What it meant to accept my mental illness

July 10, 2017
Article Promo Image

This isn’t the life I had planned for myself. It’s hard not to feel resentful, to pick up a “Why me?” attitude. Seeing others living their lives seamlessly while you crash out on the sidelines is hard. But envy is a poisonous emotion that doesn’t serve me well. Instead, I’m trying to accept.

The challenge

Carrie Fisher once said, “I am mentally ill. I can say that. I am not ashamed of that. I survived that, I’m still surviving it, but bring it on. Better me than you.”

This is something that I have not always successfully embraced, but it’s something that’s stayed with me, and what I take most from it is acceptance. If you’re living with a mental illness, you need to accept that you will be mentally ill, that the path you envisioned for yourself might need some tweaking. It’s not an easy task and it can be extremely difficult to come to terms with, but personally, it was something that needed to be done.

The dilemma

What’s caused me so many problems is that I’ve not only failed to accept my mental illness, but I’ve run away at any sign of it. I refused to accept that I was mentally ill. Society let me believe that it wasn’t ‘normal’ to be mentally ill and I’ve spent the last five years fighting it. Yet pretending it’s not there or you’re not mentally ill serves no one, least of all yourself.

I don’t solely wear the blame for this, although we’re making leaps and bounds in dealing with mental health issues, despite the social media posts encouraging awareness, the topic is still taboo. If this weren’t the case, I wouldn’t hide my illness from so many people. As a result, most of the time I live my anxiety in solitude.

If you’re living with a mental illness, you need to accept... that the path you envisioned for yourself might need some tweaking.

This doesn’t mean that there aren’t the most amazing people around me who support and love me at every step, who deal with me at my worst and help me through my toughest times. It simply means that in the end, this battle is mine. In the end it’s me and only me who decides how this is going to play out.

The effect of this is that some of the time I feel horribly alone and depressed. This is in part because I have continually failed to accept. I’ve failed to accept that I have a mental illness. I’ve failed to accept that it’s a part of who I am. By doing this, every anxious thought becomes the edge of insanity, the tipping point of my mind. In failing to truly accept that I suffered chronic anxiety, I robbed myself of the chance to begin to deal with the issue that is anxiety, and allowed it to snowball into something that is much more difficult to cope with.

The realisation

Why did I do this? Because I also failed to realise that by accepting that mental illness is a part of who I am, I wasn’t accepting that it controlled me, but I was simply acknowledging its existence. A reality that isn’t all that bad. Because despite the mental illness, there are positives I must also accept.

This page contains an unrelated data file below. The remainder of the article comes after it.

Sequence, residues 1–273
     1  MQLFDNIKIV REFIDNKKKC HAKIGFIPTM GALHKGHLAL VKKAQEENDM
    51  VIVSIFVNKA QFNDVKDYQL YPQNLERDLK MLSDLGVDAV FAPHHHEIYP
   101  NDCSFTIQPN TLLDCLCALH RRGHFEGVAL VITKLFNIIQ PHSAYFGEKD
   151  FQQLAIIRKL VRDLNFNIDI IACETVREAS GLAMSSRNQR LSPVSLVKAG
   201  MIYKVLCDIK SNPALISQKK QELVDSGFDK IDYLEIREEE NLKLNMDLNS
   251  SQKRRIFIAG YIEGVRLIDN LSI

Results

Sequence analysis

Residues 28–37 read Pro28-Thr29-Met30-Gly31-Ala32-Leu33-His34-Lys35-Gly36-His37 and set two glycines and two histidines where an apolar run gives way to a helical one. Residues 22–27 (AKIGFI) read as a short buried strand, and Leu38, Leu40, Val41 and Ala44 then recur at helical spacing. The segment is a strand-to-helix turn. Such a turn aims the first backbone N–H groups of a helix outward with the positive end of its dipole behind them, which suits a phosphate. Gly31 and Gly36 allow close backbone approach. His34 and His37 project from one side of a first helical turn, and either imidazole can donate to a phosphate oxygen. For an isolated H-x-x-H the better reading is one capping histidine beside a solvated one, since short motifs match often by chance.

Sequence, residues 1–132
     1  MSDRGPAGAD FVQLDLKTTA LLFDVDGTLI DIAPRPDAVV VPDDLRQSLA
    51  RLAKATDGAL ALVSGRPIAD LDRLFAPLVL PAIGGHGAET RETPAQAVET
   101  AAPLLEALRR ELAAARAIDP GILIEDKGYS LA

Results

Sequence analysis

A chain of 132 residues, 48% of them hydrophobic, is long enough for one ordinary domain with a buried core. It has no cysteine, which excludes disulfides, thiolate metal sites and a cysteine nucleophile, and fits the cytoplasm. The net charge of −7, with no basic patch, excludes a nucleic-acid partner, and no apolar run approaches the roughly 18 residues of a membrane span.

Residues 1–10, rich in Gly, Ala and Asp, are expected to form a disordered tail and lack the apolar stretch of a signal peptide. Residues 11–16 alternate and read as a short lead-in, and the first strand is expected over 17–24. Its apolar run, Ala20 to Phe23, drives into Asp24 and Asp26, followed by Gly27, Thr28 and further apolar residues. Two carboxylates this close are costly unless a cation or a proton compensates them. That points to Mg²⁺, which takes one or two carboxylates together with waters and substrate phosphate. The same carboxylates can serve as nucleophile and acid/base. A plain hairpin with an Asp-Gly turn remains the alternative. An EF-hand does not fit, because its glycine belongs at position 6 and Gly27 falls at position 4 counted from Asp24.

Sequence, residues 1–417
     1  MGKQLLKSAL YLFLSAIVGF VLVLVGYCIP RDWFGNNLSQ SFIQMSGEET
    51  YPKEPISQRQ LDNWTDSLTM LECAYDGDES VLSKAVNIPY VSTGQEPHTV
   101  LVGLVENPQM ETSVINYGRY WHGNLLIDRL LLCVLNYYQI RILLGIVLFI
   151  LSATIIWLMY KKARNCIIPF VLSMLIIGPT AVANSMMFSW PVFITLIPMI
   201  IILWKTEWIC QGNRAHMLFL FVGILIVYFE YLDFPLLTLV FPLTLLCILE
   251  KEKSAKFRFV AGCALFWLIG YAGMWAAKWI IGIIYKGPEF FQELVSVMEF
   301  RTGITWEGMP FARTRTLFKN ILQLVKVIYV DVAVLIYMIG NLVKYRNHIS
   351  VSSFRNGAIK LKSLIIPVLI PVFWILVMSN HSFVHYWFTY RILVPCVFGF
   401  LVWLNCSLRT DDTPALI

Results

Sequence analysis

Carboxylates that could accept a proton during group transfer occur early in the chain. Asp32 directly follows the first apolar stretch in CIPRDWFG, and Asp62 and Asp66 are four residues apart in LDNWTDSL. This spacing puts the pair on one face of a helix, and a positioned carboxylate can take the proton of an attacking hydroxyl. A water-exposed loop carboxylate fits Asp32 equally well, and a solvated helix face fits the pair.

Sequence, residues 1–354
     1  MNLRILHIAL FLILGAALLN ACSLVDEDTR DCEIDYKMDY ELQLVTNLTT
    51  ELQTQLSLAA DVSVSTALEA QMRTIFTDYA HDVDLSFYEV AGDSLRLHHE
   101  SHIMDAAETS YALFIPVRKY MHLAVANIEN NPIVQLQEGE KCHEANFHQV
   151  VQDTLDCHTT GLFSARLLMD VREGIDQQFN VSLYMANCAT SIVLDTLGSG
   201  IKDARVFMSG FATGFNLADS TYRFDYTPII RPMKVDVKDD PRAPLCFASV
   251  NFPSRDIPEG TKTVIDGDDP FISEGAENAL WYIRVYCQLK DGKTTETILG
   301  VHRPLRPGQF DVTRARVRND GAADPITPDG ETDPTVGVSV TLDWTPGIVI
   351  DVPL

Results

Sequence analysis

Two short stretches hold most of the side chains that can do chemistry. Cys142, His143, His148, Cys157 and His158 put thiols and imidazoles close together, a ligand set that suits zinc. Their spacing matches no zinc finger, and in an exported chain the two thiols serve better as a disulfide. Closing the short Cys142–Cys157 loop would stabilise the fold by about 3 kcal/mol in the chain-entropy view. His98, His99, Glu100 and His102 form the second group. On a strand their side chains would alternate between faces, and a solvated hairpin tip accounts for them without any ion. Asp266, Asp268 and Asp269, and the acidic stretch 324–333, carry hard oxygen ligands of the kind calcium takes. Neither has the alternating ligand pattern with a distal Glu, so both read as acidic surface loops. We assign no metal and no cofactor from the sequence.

I accept that I am incredibly strong, because in the end I am. Perhaps it’s a narcissistic thing to think, but I don’t believe many people would still be kicking in my shoes. That’s what I’ve taken Carries words, “Better me than you” to mean. Once you have experienced the all-consuming thing that is mental illness, you feel that you are the best equipped to deal with it.

Personally I’ve had a lot of help along the way, but the fact that I’m still here is to me, an achievement in itself. I wake up every morning ready for the mental tug of war that the day will bring. It’s not easy to have the same battle with yourself over and over just to get through the week feeling somewhat together. But I do. I don’t always win, but I always fight.

Seeing others living their lives seamlessly while you crash out on the sidelines is hard.

Final thoughts

In saying this, I don’t wish to simplify the issue and say that by accepting my mental illness, all that comes with it will vanish. Dealing with mental illness requires a more holistic approach and it will vary from person to person.  I’m sure my own path will differ from another whose experiences may be similar.

Personally, I’ve found comfort in knowledge, in whatever forms it may take. Knowledge has allowed me to assess my own situation better and understand the workings of my mind. But also to see that there is a vastly bigger world beyond these workings, and that in the end the destructive intricacies of my mind are so unfathomably small in the cosmos, they don’t warrant the attention I give them. I don’t pretend I’ve been dealt the worst hand, but I also don’t pretend its an easy one. But I accept that not matter how much I want to, I cannot change these things. I need to play the hand that’s been dealt to me.

Looking back on it, my journey to this point seems long and hard, but in reality that’s not the case. It has been heavily littered with happiness and joy, something that mental illness can easily mask. Looking to the future poses problems for people such as myself, instead I will say that today was a good day, and may there be many more to come.

If you or someone you know is struggling with a mental illness, you can find help by seeking advice from a counsellor or calling Lifeline on 13 11 14.

--

Ry Atkinson

Ry is a freelance writer who lives in Sydney's Northern Beaches. Ry studies international relations and international law at Macquarie University.

×
Hijacked

Sign-up to Hijacked’s weekly newsletter for the latest student know-how delivered straight to your inbox.
It’s time to nail this #unilyf of yours. Yew!

×